This is test post
updated on 30-10-2017 for checking post update
Expert advice on how to replace or change a smoke detector battery, including a helpful diagram of a smoke detector’s main parts.
Nearly every type of smoke detector makes a chirping sound to let you know when it’s time to change the battery. Inevitably, that first chirp just happens to sound at about 3 AM, when you’re deep asleep.
If you would rather not risk being awakened by the chirp, you can beat it to the punch by proactively replacing the battery on a regular schedule. Most detectors will operate about 6 months on a battery, so the common advice is to replace batteries twice a year. A good time to replace all of your smoke detectors’ batteries, because it serves as a twice-yearly reminder, is on the weekends when we set our clocks forward for daylight savings time and back to standard time.
Smoke detectors may be either battery powered or wired directly into a home’s electrical system. But nearly all smoke detectors, including those that run on household current, do contain a battery. Detectors that are hard-wired to the home’s electrical system use this battery to provide backup power in case a fire knocks out the house’s electrical power.
Both battery-operated and household-current smoke detectors sound the previously-mentioned beeping or chirping low-battery alarm. This alarm is different than the deafening, blaring fire alarm that occurs during a fire: It is a sporadic chirp or beep, not a constant blast.
Sometimes it can be tricky to figure out which smoke detector in your house is chirping. As a rule, the lower the battery gets, the more the detector chirps. So, once it starts to chirp, you either have to station yourself (and, possibly, other family members) near each detector and wait for the next chirp, or you have to let the battery grow weaker until the chirps sound frequently. Obviously, the second alternative is far from ideal because you risk the possibility of the detector ceasing to work. That’s why it makes sense to change all of the batteries semi-annually at a convenient time.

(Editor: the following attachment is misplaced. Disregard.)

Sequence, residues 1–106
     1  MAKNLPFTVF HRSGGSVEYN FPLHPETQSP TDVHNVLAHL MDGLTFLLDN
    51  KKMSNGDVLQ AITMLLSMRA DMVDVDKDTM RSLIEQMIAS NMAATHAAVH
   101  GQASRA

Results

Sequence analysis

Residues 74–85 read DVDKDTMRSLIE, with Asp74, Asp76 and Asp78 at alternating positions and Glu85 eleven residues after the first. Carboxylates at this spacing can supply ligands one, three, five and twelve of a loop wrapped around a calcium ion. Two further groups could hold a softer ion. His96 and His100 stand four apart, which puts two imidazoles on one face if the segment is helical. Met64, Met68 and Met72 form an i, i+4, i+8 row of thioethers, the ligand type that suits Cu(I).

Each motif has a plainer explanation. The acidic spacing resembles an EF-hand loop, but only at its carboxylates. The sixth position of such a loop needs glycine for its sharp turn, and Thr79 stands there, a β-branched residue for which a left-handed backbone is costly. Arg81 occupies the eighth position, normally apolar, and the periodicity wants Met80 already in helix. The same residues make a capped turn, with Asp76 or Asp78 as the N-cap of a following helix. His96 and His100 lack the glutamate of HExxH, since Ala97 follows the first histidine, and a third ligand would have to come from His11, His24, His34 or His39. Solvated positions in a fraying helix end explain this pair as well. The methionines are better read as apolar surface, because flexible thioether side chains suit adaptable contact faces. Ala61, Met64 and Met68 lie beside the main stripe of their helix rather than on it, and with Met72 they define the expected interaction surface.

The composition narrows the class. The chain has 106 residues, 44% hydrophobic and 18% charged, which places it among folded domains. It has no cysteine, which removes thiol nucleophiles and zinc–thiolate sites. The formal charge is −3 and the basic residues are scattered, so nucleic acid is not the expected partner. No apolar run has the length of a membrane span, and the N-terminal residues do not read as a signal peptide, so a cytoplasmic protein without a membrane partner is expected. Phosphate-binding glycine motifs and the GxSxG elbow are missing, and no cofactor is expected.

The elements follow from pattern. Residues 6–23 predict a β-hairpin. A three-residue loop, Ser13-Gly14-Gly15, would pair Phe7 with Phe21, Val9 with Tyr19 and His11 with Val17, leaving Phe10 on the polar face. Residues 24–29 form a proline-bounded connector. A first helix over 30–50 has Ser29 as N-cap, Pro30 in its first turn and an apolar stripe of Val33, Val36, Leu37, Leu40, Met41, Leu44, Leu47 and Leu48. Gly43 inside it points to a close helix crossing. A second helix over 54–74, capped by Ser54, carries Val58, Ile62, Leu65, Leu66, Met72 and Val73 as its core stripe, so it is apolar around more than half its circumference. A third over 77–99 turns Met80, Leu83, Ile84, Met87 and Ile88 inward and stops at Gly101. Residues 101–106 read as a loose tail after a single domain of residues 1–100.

If you hear the beeping or chirping low-battery alarm, do not ignore it, and do not ever remove the battery without replacing it with a new one. Smoke detectors with fully-functional batteries are critical to the safety of your family and home. Sadly, news reports of tragic fires often point out that the home had smoke detectors but those detectors had been disabled.
(Note: New lithium battery smoke detectors last up to 10 years. With these, the entire unit is disposable. If your home has this type of detector, you will need to replace the entire unit.)
Most conventional smoke detectors have a friction-fitting cover that hinges down or lifts off. With some, the entire body of the smoke detector clips onto a base that is attached to the ceiling or wall. To remove these, you typically give the body a counterclockwise twist.
Step by step, here’s how to change a smoke detector battery:
1Remove the cover or body. Gently pry the cover open or unclip the body of the detector from its base with a slight twisting motion. Inside, you will find three main parts: the sensing chamber, a loud horn, and a battery (and in some cases, house voltage power source).
2Replace the battery. Unclip the old battery from its holder. Most detectors utilize a 9-volt battery—use a brand new lithium 9-volt battery as a replacement. Be sure the male and female terminals are properly oriented and connect soundly with the base.
3Close the cover or replace the body. Snap the cover shut or lock the body of the smoke detector back into its base.
4Test the detector. Press the test button on the surface of the detector to make sure the battery is working. When the button is pressed, the detector should beep or chirp.